Coinbase, one of the largest digital currency exchange companies in the world, will likely be asked to provide the Internal Revenue Service (IRS) with transactional data and other information on all U.S. customers who used its services over a three-year period. Using what is known as a “John Doe” summons, the IRS has formally requested permission from a federal court to seek extensive information on all “United States persons who, at any time during the period January 1, 2013, through December 31, 2015, conducted transactions in a convertible virtual currency” through Coinbase.
If the summons is served as approved by a federal court this week, Coinbase will face the substantial burden of producing a long list of customer-related and other records. However, this data production will only be the first step in a process that may ultimately impact accountholders whose information is turned over to the IRS. The accountholders (corporate and individual) may become subject to IRS audits and potentially fines if there are any unpaid taxes related to their virtual currency transactions.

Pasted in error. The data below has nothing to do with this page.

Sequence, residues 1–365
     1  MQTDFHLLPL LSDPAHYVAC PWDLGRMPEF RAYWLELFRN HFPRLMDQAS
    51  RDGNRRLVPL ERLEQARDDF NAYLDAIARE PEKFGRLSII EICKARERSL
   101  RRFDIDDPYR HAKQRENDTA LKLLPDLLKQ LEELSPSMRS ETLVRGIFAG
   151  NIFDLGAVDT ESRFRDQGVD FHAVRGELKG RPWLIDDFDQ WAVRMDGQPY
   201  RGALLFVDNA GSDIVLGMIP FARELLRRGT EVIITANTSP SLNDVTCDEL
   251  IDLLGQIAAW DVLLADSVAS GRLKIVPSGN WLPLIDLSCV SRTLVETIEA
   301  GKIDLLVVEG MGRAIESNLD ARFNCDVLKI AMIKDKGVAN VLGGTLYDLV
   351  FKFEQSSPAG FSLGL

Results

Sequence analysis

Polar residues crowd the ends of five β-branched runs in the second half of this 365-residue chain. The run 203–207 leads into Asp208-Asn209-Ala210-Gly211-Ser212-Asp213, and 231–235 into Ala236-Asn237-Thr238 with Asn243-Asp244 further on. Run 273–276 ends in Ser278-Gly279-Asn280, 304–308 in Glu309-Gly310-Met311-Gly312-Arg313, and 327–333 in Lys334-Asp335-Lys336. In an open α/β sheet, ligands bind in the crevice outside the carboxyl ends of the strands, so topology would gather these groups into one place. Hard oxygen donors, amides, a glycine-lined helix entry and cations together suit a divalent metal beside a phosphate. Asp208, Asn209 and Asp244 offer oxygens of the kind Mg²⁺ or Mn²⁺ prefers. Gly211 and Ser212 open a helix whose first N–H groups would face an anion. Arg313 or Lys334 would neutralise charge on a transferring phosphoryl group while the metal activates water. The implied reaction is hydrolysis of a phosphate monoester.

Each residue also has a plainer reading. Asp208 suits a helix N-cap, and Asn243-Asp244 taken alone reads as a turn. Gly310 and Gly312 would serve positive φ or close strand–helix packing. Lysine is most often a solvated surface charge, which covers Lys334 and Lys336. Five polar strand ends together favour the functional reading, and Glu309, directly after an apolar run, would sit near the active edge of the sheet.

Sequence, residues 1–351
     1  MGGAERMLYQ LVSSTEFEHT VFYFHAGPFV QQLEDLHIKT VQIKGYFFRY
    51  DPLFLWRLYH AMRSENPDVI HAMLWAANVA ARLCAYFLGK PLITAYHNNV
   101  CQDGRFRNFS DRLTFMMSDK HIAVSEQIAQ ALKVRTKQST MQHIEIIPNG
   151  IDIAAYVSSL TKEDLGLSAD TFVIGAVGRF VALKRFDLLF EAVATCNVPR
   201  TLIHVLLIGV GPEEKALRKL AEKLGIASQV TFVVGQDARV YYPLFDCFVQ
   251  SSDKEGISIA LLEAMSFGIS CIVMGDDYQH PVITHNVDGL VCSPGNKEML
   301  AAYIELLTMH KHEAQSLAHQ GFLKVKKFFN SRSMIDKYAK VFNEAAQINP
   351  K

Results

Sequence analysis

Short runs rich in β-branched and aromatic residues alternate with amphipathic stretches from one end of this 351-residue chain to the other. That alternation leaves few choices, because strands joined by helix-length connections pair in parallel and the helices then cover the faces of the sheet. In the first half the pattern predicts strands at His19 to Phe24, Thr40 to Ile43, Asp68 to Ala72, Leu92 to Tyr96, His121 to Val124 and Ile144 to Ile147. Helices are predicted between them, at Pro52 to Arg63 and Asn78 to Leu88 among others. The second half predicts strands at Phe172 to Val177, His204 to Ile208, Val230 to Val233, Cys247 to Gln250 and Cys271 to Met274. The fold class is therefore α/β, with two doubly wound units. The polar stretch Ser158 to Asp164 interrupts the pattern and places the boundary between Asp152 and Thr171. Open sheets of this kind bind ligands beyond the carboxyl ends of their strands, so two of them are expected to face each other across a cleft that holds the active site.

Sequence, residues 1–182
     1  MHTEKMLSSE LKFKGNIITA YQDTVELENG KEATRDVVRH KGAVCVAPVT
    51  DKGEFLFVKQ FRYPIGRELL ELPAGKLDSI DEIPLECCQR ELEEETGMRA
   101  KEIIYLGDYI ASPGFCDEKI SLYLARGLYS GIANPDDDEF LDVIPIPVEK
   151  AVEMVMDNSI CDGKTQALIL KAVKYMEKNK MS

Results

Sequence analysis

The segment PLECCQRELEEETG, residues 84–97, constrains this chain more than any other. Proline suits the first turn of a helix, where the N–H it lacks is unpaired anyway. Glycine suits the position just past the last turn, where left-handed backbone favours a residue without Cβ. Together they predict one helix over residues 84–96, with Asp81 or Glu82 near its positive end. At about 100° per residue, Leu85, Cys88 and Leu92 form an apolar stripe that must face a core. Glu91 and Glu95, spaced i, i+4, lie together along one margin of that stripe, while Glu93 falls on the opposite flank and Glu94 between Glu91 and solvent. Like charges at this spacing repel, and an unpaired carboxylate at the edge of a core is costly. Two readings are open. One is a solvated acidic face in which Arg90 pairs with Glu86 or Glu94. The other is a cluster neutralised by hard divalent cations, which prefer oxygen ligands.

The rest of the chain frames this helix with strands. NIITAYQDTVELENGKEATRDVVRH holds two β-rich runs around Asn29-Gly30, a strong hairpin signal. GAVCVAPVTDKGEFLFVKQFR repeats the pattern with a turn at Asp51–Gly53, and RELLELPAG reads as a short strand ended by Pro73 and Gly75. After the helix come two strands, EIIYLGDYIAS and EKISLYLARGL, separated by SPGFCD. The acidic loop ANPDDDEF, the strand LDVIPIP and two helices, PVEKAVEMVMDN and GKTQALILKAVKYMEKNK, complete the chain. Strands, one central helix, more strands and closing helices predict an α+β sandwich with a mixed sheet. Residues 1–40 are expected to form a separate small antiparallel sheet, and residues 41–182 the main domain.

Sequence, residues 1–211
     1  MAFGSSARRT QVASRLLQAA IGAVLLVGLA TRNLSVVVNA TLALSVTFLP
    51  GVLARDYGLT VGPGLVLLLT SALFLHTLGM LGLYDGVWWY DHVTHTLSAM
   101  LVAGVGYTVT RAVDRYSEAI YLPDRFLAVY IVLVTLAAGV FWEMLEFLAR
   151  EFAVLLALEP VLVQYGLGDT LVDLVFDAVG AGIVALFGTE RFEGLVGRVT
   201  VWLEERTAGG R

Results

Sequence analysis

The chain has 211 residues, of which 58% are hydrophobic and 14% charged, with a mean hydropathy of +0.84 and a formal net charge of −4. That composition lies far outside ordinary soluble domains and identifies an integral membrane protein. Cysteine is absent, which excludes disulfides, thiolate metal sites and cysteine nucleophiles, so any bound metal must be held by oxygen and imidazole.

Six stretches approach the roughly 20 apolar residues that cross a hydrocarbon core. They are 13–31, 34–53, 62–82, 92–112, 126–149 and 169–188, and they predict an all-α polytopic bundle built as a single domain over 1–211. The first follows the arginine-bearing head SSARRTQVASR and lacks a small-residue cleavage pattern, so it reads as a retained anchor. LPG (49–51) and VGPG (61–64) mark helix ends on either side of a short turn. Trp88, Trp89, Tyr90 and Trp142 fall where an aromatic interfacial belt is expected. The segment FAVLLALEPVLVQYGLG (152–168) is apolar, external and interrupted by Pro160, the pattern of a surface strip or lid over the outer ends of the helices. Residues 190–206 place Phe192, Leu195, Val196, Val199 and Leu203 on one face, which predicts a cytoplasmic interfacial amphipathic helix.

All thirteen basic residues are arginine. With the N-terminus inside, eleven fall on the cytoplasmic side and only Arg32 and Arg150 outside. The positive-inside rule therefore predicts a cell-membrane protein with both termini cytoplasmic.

While the action states that it is civil in nature, the IRS is clearly seeking customer information to open separate investigations of potential tax avoidance, which could become criminal cases in certain circumstances. The information that is collected in this investigation may also be used in other investigations undertaken by IRS itself or any other part of the U.S. Department of the Treasury, including the Office of Foreign Assets Control (OFAC) and the Financial Crimes Enforcement Network (FinCEN). Other digital currency exchangers and their customers could also become targets in similar actions, either directly or potentially as a result of information collected from this summons, or in follow-on investigations. Even noncustomer receivers of virtual currency could become the subjects of investigation. Continue Reading